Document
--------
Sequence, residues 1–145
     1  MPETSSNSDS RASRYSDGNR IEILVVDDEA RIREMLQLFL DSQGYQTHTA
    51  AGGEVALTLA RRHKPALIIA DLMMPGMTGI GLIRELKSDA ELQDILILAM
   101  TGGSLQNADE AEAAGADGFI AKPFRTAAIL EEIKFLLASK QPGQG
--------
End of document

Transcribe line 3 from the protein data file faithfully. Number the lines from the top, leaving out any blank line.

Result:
    51  AGGEVALTLA RRHKPALIIA DLMMPGMTGI GLIRELKSDA ELQDILILAM